TIDE recognized out of over 420 organizations for its work in reducing poverty and conserving biodiversityJohannesburg, South Africa August 30th, 2002 Just a few days ago communities spread across the equator got international recognition for their amazing work in the areas of poverty reduction and conservation of biodiversity by seeing to it that natural resources are used in a sustainable manner. At a ceremony held at the World Summit on Sustainable Development (WSSD), the Equator Initiative s* distinguished jury, with the help of a team of technical experts, selected seven outstanding community initiatives for recognition with the Equator Prize 2002. These communities each received $30,000US and international praise at an awards ceremony held on 30 August 2002 in Johannesburg, South Africa. Drawn from a pool of over 420 total nominations and 27 finalists who demonstrate outstanding accomplishments, these communities continue to exhibit truly unique and exceptional work in reducing poverty and conserving biodiversity.
These communities are models of the kind of sustainable future UNDP believes is possible. They demonstrate how powerful partnerships between individuals, communities, governments and civil society can reap huge dividends for both local livelihoods and the environment, said Mark Malloch Brown, Administrator of the United Nations Development Programme (UNDP).
The Toledo Institute for Development and Environment (TIDE) was selected as one of these finalists and eventually received one in seven prizes. TIDE s Executive Director, Wil Maheia, and Celia Mahung, member of the Board of Directors, attended the summit along with representatives from each of the 27 communities. In accordance with the initiative s mission the representatives took part in a "Community Kraal" at the Ubuntu Village, hosted by the Equator Initiative and other partners. The "Community Kraal" was meant to facilitate learning and dialogue between communities.
Mr. Maheia was clearly proud of the results. Being one of the six winners out of a total of 420 proves that TIDE is a global leader in promoting environmental sustainability.
Also representing Belize at the Summit were the Honorable John Briceno, Deputy Prime Minister and Minister of Natural Resources and the Environment, Mr. Carlos Fuller, Chief of Meteorology, Mr. Noel Jacobs, Project Director of the MesoAmerican Barrier Reef System, and Mr. Pat Mendoza, CEO of Ministry of Natural Resources and the Environment.
About TIDEThe Toledo Institute for Development and Environment (TIDE) works in some of the poorest areas of Belize and, through the Maya Mountain Marine Sustainable Livelihoods Initiative, collaborates with local communities to promote sustainable income generation and conservation. TIDE has focused much of its poverty reduction efforts on certification programs and training, including an on-going program to train and certify flyfishing, kayaking and snorkeling guides. TIDE s scholarship program supports the education of those children whose parents work in unsustainable industries, to ensure that the next generation has sustainable options. Through promotion of participatory co-management of natural resources and development of community monitoring, the project has also reduced poaching of endangered manatees, the practice of gillnetting, and illegal hunting and logging. TIDE s rangers, who now ensure the protection of these resources, used to be hunters and gill net fishermen; through TIDE s work they have come to see the importance of conservation and truly stand behind the organizations mission. The project also supports microenterprise and ecotourism training through its tourism program, TIDETours. TIDETours subcontracts with small community-based businesses to ensure income stays within local communities.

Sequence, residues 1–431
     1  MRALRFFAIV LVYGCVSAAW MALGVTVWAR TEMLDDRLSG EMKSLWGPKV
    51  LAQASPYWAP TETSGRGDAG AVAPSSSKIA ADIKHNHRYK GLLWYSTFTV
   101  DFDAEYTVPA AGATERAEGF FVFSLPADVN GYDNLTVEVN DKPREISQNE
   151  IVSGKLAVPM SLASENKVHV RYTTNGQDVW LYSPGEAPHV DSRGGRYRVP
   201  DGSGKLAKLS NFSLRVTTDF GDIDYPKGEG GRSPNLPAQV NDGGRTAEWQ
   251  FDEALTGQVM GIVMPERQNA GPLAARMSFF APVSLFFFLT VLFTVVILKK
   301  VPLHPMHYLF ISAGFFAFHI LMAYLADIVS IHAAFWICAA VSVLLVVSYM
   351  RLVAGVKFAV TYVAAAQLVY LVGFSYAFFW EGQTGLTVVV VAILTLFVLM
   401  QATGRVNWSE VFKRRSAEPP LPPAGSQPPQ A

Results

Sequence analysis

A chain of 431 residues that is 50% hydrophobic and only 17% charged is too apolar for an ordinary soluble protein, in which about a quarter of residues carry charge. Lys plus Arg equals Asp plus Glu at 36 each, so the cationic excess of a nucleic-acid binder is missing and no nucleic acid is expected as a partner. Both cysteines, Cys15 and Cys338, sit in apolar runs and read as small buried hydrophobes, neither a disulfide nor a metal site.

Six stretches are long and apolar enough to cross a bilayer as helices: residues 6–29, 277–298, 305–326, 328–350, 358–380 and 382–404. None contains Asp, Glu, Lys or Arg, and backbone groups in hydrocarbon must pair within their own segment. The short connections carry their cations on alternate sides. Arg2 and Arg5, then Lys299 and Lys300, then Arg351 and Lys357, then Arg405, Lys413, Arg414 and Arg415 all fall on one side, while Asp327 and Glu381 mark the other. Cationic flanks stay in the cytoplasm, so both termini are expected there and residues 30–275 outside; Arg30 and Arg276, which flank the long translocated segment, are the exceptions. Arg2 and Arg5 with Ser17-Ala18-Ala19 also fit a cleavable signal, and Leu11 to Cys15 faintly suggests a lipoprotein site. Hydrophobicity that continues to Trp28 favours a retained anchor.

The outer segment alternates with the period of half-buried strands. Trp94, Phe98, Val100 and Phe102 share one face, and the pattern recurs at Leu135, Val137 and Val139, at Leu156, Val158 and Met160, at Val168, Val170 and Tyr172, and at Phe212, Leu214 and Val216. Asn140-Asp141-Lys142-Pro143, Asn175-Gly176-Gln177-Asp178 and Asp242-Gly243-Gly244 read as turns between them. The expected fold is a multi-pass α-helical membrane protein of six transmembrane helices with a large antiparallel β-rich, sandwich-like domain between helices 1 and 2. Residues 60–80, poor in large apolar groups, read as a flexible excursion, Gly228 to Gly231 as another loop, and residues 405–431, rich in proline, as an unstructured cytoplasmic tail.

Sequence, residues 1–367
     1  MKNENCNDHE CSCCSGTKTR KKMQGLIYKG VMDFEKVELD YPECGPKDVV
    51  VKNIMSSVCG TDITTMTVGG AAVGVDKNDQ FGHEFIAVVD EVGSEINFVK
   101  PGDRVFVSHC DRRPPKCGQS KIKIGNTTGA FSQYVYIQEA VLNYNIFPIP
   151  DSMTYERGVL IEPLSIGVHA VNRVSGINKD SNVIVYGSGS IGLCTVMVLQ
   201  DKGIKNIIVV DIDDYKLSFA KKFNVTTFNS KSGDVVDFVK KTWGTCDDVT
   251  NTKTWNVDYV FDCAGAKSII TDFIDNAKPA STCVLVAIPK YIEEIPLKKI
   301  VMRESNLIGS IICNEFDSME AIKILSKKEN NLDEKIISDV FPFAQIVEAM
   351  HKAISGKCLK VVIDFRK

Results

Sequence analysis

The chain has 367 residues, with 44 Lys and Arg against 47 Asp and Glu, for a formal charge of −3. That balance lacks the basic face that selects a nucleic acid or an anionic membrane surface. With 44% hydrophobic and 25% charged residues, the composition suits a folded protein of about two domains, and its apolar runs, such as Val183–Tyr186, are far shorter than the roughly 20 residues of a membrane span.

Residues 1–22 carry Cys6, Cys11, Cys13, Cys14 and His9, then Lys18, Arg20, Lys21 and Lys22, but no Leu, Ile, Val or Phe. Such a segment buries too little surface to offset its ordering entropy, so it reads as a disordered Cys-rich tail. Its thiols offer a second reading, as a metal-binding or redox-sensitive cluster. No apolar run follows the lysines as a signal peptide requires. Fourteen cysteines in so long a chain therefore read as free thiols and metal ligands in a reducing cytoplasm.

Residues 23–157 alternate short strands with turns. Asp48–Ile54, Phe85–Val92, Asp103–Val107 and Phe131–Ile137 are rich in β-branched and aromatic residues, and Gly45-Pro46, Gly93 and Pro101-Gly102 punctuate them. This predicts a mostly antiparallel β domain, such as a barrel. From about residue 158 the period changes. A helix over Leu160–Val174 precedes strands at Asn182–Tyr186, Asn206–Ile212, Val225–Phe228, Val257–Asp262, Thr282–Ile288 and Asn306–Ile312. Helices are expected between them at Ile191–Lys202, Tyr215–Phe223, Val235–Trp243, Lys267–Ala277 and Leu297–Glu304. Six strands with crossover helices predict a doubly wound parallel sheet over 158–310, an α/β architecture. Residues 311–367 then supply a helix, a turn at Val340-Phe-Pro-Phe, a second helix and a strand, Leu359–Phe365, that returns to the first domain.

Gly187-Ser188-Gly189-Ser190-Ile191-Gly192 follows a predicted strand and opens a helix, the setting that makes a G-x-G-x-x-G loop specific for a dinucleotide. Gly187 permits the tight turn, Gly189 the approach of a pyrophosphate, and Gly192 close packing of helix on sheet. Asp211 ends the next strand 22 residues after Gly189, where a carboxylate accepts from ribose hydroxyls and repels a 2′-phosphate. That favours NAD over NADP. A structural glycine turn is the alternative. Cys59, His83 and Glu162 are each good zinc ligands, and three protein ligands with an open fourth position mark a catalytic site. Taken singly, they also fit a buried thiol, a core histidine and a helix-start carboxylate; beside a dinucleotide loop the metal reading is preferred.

For more information on TIDE see www.belizeecotours.org or email [email protected]
*The Equator Initiative seeks to promote a worldwide movement to reduce poverty and conserve biodiversity through the recognition of local achievements, the fostering of South-South capacity building, and by contributing to the generation and sharing of knowledge for policy impact through publications, radio, television and the Internet. More information can be found at www.undp.org/equatorinitiative